Some New Zealand companies are considering whether to advertise on social media, after last week’s mass shooting was livestreamed on Facebook and redistributed on other platforms.
The Association of New Zealand Advertisers and the Commercial Communications Council writes:
The events in Christchurch raise the question, if the site owners can target consumers with advertising in microseconds, why can’t the same technology be applied to prevent this kind of content being streamed live?
At least 50 people were killed as a 28 year-old man from Australia opened fire at two New Zealand mosques. The shooter is described as a white nationalist who posted a racist manifesto online and wore a bodycam to livestream the event.
The man was taken into custody and charged with the murders.
Before the assault took place, a post on a message board linked to an 87-page manifesto filled with anti-immigrant and anti-Muslim messaging. The post also directed users to a Facebook page that hosted the live stream.
According to a Vox news expert on extremism, in addition to laying down a hate-filled ideology, the document is filled with references to internet jokes and memes apparently intended to provide content for the media to quote and report on. In this way, the manifesto creates an opportunity for fringe opinions to be mainstreamed by network coverage.
For example, the title of the document (intentionally withheld from the article) was probably chosen in order to get people to look it up and discover an obscure anti-immigration book that’s been in circulation for a long time–but has recently been the subject of a surge of Google searches.
Another example, the shooter referenced President Trump in an apparent attempt to connect the crime to the US president, again, to keep the media buzzing.
The shooter leveraged social media to promote his agenda and recruit new members by spreading the information through social media platforms as well as through mainstream media–which gives the sense that the movement is more legitimate and more popular than it actually is.
48-year-old father of four was praying in the mosque with his sons when the shooting started.
Abdul Aziz ran toward the shooter, grabbing the only thing he could find — a credit card machine — and pitched it at the attacker. When that didn’t work, he bolted outside, weaving through the cars in the parking lot, calling out to the gunman, trying to pull his attention outside and away from the people in the mosque.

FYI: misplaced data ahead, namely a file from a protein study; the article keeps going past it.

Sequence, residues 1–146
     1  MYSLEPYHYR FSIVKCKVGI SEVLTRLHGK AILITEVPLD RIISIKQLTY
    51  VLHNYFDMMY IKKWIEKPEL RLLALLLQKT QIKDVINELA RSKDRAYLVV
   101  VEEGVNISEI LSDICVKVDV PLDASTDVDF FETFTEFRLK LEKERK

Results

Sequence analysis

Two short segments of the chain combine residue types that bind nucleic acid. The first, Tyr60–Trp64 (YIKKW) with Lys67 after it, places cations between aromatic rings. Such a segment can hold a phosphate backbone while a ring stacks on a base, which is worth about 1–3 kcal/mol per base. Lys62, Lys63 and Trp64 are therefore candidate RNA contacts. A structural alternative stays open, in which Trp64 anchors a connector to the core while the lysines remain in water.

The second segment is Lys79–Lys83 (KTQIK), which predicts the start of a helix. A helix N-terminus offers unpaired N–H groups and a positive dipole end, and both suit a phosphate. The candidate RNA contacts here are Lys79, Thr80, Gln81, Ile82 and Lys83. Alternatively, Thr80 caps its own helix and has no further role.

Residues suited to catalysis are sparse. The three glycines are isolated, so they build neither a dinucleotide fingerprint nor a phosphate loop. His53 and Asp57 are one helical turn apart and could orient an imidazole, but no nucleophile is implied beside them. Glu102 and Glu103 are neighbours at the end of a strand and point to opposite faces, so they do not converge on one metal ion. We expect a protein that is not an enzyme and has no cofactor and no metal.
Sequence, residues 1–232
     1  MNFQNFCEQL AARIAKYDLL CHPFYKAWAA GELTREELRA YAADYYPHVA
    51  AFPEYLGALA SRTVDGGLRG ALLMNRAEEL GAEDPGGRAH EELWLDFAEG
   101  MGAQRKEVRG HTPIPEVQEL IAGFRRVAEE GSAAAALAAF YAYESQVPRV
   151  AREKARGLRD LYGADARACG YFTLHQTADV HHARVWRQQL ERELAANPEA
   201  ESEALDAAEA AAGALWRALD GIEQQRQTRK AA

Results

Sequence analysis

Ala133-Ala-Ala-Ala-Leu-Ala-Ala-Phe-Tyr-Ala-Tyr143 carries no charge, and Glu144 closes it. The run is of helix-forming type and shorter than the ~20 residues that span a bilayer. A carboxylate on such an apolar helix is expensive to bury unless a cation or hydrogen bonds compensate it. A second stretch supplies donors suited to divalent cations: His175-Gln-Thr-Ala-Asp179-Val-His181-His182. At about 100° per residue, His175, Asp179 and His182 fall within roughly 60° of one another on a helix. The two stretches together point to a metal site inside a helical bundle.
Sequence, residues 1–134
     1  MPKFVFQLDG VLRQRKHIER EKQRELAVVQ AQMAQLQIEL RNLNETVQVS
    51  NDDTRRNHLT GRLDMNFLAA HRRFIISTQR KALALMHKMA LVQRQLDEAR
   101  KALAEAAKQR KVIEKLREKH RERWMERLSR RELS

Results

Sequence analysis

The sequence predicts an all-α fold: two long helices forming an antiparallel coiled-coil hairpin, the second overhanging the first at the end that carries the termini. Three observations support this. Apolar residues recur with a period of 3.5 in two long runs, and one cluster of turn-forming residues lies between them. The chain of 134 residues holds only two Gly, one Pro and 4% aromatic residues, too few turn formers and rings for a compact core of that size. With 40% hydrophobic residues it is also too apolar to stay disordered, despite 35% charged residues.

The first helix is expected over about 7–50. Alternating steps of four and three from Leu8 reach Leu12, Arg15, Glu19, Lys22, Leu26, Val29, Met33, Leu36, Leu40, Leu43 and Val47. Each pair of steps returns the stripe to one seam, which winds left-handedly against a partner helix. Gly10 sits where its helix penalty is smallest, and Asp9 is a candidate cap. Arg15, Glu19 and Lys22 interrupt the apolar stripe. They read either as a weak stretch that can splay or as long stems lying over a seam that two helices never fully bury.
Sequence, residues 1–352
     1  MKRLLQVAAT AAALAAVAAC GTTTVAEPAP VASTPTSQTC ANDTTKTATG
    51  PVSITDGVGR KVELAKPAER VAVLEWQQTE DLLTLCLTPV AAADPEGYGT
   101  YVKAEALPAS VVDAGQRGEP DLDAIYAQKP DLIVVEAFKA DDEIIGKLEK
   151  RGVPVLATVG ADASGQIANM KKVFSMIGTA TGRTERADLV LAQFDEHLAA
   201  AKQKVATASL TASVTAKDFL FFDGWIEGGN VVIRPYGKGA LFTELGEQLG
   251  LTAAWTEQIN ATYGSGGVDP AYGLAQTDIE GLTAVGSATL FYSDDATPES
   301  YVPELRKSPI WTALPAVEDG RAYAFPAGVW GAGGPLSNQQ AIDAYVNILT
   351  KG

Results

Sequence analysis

When the attacker dropped a gun, Aziz snatched the weapon from the ground–hoping to use the attacker’s gun on the attacker– but there was no ammunition left.
So, when the gunman went to his car, maybe for more ammunition, Aziz harpooned the gun at the windshield, shattering the glass. The gunman fled the parking area.
Originally from Kabul, Afghanistan, Aziz fled the violence of his country and lived in Australia for 27 years, settling in New Zealand more recently.
some reaction around the world
An Australian lawmaker, Senator Fraser Anning blamed Muslim immigration for the attacks. He said in a statement that was widely shared on Twitter, “The real cause of bloodshed on New Zealand streets today is the immigration program which allowed Muslim fanatics to migrate to New Zealand in the first place.”
In response, a 17-year-old cracks an egg on Anning’s head.
Mr. Anning turns and throws a haymaker at the kid, hitting him in the face twice. Check it out here:
What makes a mass shooter? Geek out on FBI data-supported profile. The desire for notoriety is among the list of more consistent traits, which has led to recommendations for reducing the time and information the media should responsibly spend on shooters.
From data on profiling, we can see that social media is an obvious amplifying platform that feeds into the psychology of mass shooters.
Social media platforms, including YouTube, Facebook and Twitter, are facing new criticism after they struggled to block livestreamed footage of the massacre.
Should social media be liable for its content? Let’s take a look.